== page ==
RONALD G. KUBAT, Employee, v. ST. LOUIS COUNTY, SELF-INSURED, Employer/Appellant, and OWATONNA HOSP., Intervenor, and SPECIAL COMPENSATION FUND.
WORKERS= COMPENSATION COURT OF APPEALS
SEPTEMBER 5, 2003
PRACTICE & PROCEDURE. The compensation judge erred in issuing amended findings reflecting the parties= purported stipulation as to permanent total disability, where the employer objected to the request for amended findings and where there was no evidence in the record definitively establishing that the parties had in fact agreed to permanent total disability.
Reversed and remanded.
Determined by Wilson, J., Johnson, C.J., and Pederson, J.
Compensation Judge: Gary P. Mesna.
DEBRA A. WILSON, Judge
St. Louis County, self-insured, appeals from the judge=s amended decision awarding permanent total disability benefits, arguing that the judge lacked authority to amend his decision as to the employee=s permanent total disability status in the absence of agreement by both parties. We reverse and remand the matter to the compensation judge for rehearing in accordance with this decision.
On March 25, 1985, the employee sustained work-related injuries to his left leg, ribs, right shoulder, and back while employed by St. Louis County [the County]. The County, which was self-insured for workers= compensation purposes, accepted liability for the employee=s injuries and paid various benefits, including wage loss benefits, medical expenses, and permanent partial disability benefits.
On October 8, 1996, the employee sustained a work-related brain injury, apparently in a fall from a truck, while employed by B. H. Heselton. A few years later, in February of 2000, the employee and B. H. Heselton entered into a stipulation for settlement, wherein those parties agreed, in part, that the employee had been permanently and totally disabled as a result of his October 8, 1996, work injury since October 9, 1996, and that the wage loss benefits paid to the employee since that date were to be characterized as permanent total disability benefits. The employee agreed to accept $79,000, less attorney fees, in full, final, and complete settlement of all claims relating to the 1996 injury, except for medical expense claims. The stipulation further provided that the employee was reserving his right to claim benefits from the County related to the 1985 injury, and B. H. Heselton agreed to waive any claim for contribution or reimbursement from the County.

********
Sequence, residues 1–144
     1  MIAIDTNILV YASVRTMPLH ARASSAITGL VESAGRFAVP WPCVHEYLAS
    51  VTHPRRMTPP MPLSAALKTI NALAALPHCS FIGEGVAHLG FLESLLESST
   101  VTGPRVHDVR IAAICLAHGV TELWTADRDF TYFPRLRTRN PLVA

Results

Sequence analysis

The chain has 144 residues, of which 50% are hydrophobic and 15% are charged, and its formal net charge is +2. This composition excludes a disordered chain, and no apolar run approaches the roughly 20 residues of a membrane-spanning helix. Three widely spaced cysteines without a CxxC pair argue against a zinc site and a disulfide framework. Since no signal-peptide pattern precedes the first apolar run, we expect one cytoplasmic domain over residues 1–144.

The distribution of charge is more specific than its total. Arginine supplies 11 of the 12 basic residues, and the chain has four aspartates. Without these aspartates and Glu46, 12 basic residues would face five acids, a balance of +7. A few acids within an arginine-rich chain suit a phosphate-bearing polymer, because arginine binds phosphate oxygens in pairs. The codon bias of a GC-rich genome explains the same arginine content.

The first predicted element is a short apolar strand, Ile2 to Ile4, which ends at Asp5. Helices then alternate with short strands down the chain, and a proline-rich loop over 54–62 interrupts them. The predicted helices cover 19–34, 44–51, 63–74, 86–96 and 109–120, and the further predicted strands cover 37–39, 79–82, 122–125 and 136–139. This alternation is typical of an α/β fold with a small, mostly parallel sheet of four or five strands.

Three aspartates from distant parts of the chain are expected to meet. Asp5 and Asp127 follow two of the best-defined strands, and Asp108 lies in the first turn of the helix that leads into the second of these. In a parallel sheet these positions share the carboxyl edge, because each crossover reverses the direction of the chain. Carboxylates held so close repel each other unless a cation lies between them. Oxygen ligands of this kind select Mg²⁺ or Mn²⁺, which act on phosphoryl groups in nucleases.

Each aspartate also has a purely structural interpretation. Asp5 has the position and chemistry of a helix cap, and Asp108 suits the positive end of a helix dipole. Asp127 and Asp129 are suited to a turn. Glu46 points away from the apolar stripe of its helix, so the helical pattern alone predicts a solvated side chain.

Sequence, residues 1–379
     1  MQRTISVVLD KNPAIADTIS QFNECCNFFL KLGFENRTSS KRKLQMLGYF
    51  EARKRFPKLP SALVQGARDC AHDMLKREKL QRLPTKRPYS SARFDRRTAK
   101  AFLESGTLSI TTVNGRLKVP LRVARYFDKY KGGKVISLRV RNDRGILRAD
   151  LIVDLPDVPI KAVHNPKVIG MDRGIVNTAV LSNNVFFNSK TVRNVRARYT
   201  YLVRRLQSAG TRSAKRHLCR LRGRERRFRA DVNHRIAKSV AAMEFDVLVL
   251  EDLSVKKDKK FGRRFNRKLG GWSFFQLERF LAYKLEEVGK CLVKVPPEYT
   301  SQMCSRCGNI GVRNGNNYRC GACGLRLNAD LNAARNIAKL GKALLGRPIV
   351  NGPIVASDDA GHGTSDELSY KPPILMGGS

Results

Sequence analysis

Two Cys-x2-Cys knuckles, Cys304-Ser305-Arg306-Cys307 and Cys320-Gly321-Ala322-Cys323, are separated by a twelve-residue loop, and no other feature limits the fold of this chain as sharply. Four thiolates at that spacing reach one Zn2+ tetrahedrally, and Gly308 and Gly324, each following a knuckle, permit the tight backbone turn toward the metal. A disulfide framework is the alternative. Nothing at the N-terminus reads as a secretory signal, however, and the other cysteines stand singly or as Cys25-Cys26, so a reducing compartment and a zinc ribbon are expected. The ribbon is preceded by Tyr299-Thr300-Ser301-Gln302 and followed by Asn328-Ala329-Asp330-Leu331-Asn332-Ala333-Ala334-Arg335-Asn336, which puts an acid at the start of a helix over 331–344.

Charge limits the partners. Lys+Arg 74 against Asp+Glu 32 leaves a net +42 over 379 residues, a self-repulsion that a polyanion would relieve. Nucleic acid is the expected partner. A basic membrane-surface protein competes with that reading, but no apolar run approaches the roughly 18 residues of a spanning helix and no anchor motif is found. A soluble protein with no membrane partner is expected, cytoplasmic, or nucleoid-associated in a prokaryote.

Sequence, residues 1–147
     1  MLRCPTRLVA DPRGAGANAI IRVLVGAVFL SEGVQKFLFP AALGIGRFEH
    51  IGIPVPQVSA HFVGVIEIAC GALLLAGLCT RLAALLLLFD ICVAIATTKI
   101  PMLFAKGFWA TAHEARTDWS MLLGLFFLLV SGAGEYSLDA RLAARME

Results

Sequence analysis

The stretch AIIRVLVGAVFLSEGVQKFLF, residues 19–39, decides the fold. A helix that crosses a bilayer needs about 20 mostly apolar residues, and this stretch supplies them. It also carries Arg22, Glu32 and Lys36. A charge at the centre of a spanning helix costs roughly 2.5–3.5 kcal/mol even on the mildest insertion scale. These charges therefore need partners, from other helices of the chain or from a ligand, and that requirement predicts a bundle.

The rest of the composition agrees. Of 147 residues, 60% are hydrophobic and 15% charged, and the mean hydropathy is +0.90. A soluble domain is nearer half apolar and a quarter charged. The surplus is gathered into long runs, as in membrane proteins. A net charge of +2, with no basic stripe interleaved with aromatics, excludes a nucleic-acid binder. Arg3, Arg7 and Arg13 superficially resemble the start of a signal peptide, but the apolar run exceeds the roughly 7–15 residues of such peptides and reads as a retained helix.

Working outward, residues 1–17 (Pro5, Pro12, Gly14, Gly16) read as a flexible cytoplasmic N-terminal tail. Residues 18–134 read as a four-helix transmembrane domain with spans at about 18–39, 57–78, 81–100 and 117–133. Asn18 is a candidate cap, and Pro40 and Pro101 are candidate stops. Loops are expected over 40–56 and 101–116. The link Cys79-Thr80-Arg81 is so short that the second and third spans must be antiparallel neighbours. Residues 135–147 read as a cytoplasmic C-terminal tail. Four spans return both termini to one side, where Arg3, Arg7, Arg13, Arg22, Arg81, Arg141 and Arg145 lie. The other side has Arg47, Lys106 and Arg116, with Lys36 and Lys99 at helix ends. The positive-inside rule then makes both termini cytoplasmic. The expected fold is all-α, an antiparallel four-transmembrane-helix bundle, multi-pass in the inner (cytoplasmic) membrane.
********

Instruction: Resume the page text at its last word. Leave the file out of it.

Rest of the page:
The employee subsequently filed a claim petition alleging entitlement to permanent total disability benefits from the County, as a result of the 1985 injury. A hearing on the employee=s claim petition was held before Compensation Judge Gary Mesna on January 16, 2003. At that time, the employee was claiming entitlement to permanent total disability benefits from the County from and after January 1, 2000. Issues discussed at the beginning of the hearing included whether the employee=s permanent total disability claim was barred by the employee=s prior settlement with B. H. Heselton, which of the employee=s two work injuries was the Acontrolling event@ for purposes of the employee=s entitlement to supplementary benefits, and apportionment of liability between the two injuries. Counsel for the County stated, after the preliminary discussion of the issues, that she wished to Aclarify@ that it was the employer=s position that Athe 1996 injury was the substantial contributing factor to [the employee=s] disability status,@ that it was the 1996 injury that was Acausing [the employee] to seek these benefits,@ and that the 1985 injury was Anot a substantial contributing cause.@ Evidence submitted at this hearing included medical records relating to the 1985 and 1996 work injuries, the employee=s testimony as to his symptoms, employment, and job search efforts after each injury, and reports from Dr. Nolan Segal, the County=s independent medical examiner.
The compensation judge issued a decision on February 6, 2003, denying the employee=s claim for benefits on grounds that the employee had Anot met his burden of proving that he is permanently and totally disabled.@ In light of his denial of the employee=s claim, the judge did not make findings on the remaining issues raised by the parties.
In a letter to the compensation judge dated February 11, 2003, the employee=s attorney wrote in part as follows:
I have received and reviewed your Findings and Order served and filed on February 6, 2003 in the above-entitled matter. I have also been in contact with Jessica Sterle, the attorney for St. Louis County. I write at this time to clarify the findings and address an issue that stems from them.